In addition, of course, the environment and the world of development are being subjected to financial speculation. Whether in carbon markets, investments in “bottom of the pyramid” economic schemes such as those Julia Elyachar and others have discussed, or in the increasingly tight links between big food, big oil, and land insecurity in the global south, finance capital shapes development in all kinds of ways. I make a few references in my article to work well beyond the anthropology of finance that shows this. The new anthropological attention to financial traders remains incredibly important for me, but I’m just as inspired by work that links finance to what is going on in other parts of the value chain.
ND: What you are currently working on?
SB: I’m working on a couple of things. In thinking about the history of colonial tea production infrastructure, I realized that the actual houses in which plantation workers reside are a key form of that infrastructure. This is true of all plantations, to some extent. What distinguishes plantations is that they are vertically integrated not only in that crops are planted, harvested, processed, and packaged on-site, but also that labor remains on-site at all times. I’ve been using archival research to look into how plantation houses in Darjeeling took on a particular physical form, and how plantation owners and managers debated what counted as a proper or pukka house. I’m linking these debates to ethnographic work about the ways that workers inhabit houses over many generations that are, in an important legal sense, not their property. So I’m thinking about the fine distinction between houses and homes. This is my way of engaging a Gens-style approach to capitalism emerging in feminist anthropology by scholars including Laura Bear, Anna Tsing, Sylvia Yanagisako, Karen Ho, and Hannah Appel.
I’m also working, as I said, on an ethnography of mass-market tea. “The Future of Price” is an early part of that project. I’m increasingly interested in the tea that is sold at very low prices (like Rs. 1 per packet) within India. The next project will thus focus on India’s internal, domestic tea market, which is continuing to grow. Much of this growth is in “cheap tea.” Most of the tea sold and packaged on India’s domestic market today comes from a region known as the Dooars, a narrow strip of land that hugs the India-Bhutan border. While the domestic market for tea continues to expand, the Dooars remain economically and socially volatile. Most alarmingly, a significant number of tea plantations there have closed over the past decade. Small tea growers are now able to supply tea at cheaper prices than plantations. Unlike plantation companies, small growers are not legally obligated to provide workers with medical facilities, food rations, firewood, and housing. In 2006, there were barely five hundred small growers in the Dooars. There are now as many as forty thousand. With small growers in the Dooars supplying tea cheaper than plantations, plantation workers, mostly Nepalis and adivasis, have been left stranded. Plantation closure turns landscapes that once kept workers marginally supported and alive into killing fields. In the past year, starvation deaths have become a frequent occurrence on closed plantations.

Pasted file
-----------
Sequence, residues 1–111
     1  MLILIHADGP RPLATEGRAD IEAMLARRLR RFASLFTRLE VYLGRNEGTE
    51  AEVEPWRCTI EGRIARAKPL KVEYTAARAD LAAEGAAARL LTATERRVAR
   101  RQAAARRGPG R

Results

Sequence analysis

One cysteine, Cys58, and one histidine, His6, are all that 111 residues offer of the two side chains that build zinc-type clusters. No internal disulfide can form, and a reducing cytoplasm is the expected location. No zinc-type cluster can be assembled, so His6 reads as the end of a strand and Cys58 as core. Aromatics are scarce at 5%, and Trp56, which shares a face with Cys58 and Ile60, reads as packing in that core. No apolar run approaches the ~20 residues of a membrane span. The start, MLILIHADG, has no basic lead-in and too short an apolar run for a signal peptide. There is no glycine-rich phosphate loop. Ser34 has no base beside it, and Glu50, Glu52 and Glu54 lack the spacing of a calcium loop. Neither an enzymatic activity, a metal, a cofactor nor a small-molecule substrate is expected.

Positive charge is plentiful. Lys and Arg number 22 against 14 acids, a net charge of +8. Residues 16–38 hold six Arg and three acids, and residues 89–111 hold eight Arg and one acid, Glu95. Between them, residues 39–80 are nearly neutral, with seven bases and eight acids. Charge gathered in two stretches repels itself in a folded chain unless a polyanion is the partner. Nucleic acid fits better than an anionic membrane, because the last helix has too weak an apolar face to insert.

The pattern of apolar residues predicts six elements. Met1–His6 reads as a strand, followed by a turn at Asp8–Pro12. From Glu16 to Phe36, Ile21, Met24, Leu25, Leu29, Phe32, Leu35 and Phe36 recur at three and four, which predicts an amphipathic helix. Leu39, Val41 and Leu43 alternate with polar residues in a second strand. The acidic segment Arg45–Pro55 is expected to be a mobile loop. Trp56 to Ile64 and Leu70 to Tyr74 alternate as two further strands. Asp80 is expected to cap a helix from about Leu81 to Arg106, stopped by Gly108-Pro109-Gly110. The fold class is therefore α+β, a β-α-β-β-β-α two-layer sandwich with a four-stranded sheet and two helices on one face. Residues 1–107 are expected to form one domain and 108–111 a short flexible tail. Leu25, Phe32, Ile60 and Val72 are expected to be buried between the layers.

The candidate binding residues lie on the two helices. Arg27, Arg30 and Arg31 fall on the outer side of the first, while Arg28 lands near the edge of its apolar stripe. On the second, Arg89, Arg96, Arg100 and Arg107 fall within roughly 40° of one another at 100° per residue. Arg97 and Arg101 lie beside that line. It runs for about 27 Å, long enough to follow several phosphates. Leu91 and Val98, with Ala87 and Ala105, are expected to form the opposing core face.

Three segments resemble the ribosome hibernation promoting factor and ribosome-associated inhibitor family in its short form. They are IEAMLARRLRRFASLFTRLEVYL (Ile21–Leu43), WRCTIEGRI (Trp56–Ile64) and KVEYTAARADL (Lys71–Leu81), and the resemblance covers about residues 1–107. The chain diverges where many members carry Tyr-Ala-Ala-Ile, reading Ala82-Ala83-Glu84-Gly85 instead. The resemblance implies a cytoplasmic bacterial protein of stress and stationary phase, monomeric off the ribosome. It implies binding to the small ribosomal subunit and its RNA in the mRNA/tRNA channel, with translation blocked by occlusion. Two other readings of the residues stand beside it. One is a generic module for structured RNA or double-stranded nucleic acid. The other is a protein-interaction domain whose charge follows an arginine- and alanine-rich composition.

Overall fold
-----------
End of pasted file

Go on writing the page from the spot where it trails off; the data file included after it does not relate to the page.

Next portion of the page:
This new book project addresses the paradox that while the market for cheap domestic tea in India is bigger than ever, plantations are closing and workers are dying. So I’m asking: what can the story of domestic, mass-market Indian tea reveal about the meaning, making, and mobility of cheapness in the global market more generally? Across the social sciences, the story of cheapness has generally been told as one of hidden costs. To meet consumer demand for cheap goods, we are told, laborers are exploited, soil and water are polluted, and government subsidies offset energy and transportation expenses.
My project takes a different approach. In my previous work on Darjeeling tea, I showed how value is built into landscapes over time. While many labor and environmental costs of production are hidden, I argued that much of what consumers value about Darjeeling is explicitly and visibly built into the region’s plantation infrastructure: colonial nostalgia; moral economic relationships between laborers, owners, and tea itself; and ideas about nature and ethnic identity. While Darjeeling is a luxury brand, my preliminary study of tea production, blending, and auctioning in Kolkata, Siliguri, and the Dooars suggests that cheapness, as a value, is similarly embedded in the infrastructure of production, packaging, and brokerage.
What I would like to do with this project, then, is to study cheapness as a complex social process involving not only economic externalization, but also culturally and historically particular forms of technology, labor, and aesthetics. Pushing back against the notion that cheapness indexes a dearth of value, my main theoretical objective is to rethink cheapness as a form of value in its own right, with its own rich symbolic, political, and social significance.